You want to be to the motivated and proficient engineer who both understands and applies project management to their work, not the person who learns the minimums and gets by. Regardless if your engineering career aspirations are to run your own firm or be the best engineer in your department, neither of these can be obtained by operating at the minimums. You achieve a bit more knowledge about project management, then you apply that knowledge in your day to day work, and that gets noticed. It gets noticed by peers, by more senior managers and by clients.
One question I’ve been asked numerous time regarding project management is this: Do you really follow each of the process groups and create plans for each of the knowledge areas as they’re presented in PMI’s Project Management Body of Knowledge, or PMBOK?
This is referring to the five process groups at the heart of PMI’s project management methodology: initiating, planning, executing, monitoring & controlling and closing. These are the five stages every project passes through, and if you take a moment to apply this to a project you’ve worked on you can quickly see that these groups do apply. Within these five process groups, PMI’s framework also contains ten knowledge areas covering: integration, scope, cost, time, quality, procurement, human resources, communications, risk management and stakeholder management. Again, if you think about a project on which you’ve worked, you’ll be able to draw connections between it and each of these ten aspects.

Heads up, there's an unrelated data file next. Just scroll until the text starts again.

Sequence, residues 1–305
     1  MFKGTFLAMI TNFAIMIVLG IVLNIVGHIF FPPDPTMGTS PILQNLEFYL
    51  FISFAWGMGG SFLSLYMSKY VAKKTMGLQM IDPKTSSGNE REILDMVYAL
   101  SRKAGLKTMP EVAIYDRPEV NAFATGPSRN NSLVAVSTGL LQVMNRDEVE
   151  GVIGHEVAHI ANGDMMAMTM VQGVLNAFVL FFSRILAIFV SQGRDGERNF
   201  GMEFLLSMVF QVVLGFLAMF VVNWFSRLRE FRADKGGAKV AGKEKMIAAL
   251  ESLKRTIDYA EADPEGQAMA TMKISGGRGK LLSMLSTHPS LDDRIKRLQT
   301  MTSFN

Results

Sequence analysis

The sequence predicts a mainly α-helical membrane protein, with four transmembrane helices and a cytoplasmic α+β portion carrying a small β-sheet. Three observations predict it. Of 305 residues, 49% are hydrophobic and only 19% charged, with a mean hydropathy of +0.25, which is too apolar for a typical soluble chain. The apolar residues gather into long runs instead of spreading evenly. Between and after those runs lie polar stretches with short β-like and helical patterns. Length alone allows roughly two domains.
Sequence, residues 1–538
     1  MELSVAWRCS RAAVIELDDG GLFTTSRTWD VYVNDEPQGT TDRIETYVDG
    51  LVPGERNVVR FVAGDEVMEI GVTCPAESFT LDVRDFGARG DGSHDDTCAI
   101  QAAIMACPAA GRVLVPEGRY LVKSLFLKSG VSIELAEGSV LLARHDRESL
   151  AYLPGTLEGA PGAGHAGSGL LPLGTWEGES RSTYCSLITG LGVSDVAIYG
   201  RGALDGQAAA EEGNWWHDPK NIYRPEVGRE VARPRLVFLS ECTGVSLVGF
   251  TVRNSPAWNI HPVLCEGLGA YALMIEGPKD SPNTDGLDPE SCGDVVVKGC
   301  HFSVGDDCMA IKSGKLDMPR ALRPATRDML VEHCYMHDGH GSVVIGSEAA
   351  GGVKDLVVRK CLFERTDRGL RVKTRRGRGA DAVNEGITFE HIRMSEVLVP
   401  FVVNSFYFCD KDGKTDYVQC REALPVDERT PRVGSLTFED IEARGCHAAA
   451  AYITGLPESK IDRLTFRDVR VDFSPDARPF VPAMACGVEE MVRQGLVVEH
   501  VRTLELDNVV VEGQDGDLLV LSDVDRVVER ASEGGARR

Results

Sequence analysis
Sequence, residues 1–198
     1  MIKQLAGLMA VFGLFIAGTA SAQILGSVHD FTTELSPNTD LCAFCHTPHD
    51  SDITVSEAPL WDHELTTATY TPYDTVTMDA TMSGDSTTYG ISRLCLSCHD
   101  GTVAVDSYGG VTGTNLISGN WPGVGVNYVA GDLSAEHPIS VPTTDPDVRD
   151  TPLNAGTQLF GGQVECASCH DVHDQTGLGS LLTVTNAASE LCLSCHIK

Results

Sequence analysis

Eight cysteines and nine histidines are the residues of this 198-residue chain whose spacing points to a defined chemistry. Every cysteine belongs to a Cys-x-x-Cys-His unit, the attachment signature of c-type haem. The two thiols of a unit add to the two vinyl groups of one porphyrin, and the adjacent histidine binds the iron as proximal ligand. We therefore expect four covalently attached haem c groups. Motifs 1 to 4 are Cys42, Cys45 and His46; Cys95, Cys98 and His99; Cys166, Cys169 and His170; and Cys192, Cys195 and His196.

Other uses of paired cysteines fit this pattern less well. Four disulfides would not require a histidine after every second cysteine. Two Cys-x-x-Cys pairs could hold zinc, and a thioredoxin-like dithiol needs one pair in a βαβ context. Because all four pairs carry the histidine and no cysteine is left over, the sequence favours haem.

This is where study of project management fundamentals is important: your organization’s processes might not cover all of the ten knowledge areas. Good or bad? Depends. What if there isn’t any emphasis put on quality or communications or management of stakeholders? What’s the downside of this? What might be the upside of starting to think about these?
Do I follow each of the ten knowledge areas exactly, generating plans or writing down my thoughts in a matrix or some document? No, I don’t. In fact, I don’t have experience of ever doing this with the projects I’ve managed. The fact is, I didn’t study project management concepts until seventeen years into my career! By that time I was in senior management positions, not directly managing engineering projects. This said, I could see — and have more recently used — various elements of the ten knowledge areas actively and directly applied. For example, on a recent project I knew that communicating the project’s benefits and importance to the organization’s overall strategy were important, as was including stakeholders in the planning and executing phases. So I created plans addressing the communications needs of the various internal and external stakeholders, as well as a stakeholder management plan addressing each role, expectations, and potential political influence they might have.
What’s important to me is that I understand the importance of the stages of a project — that is, the project’s lifecycle — and the types of issues I need to be aware of such as cost, scope, human resources, risk management, etc. If you’ve never heard of this or have never thought about a project in these terms, you’re leaving a lot to risk. Simply understanding the stages and the different elements have helped me deliver better projects, because I’m able to think through the project in a linear fashion — start to finish — and at least mentally assess the different issues I need to address. Some projects have risks I do need to generate a plan for. Some have stakeholder issues I need to formally and actively engage. Other projects might have schedule or communications issues that need to be more actively managed. Because I understand the concepts of project management, at least I know to assess and act.
Christian J. Knutson, P.E., PMP
Engineering Management Institute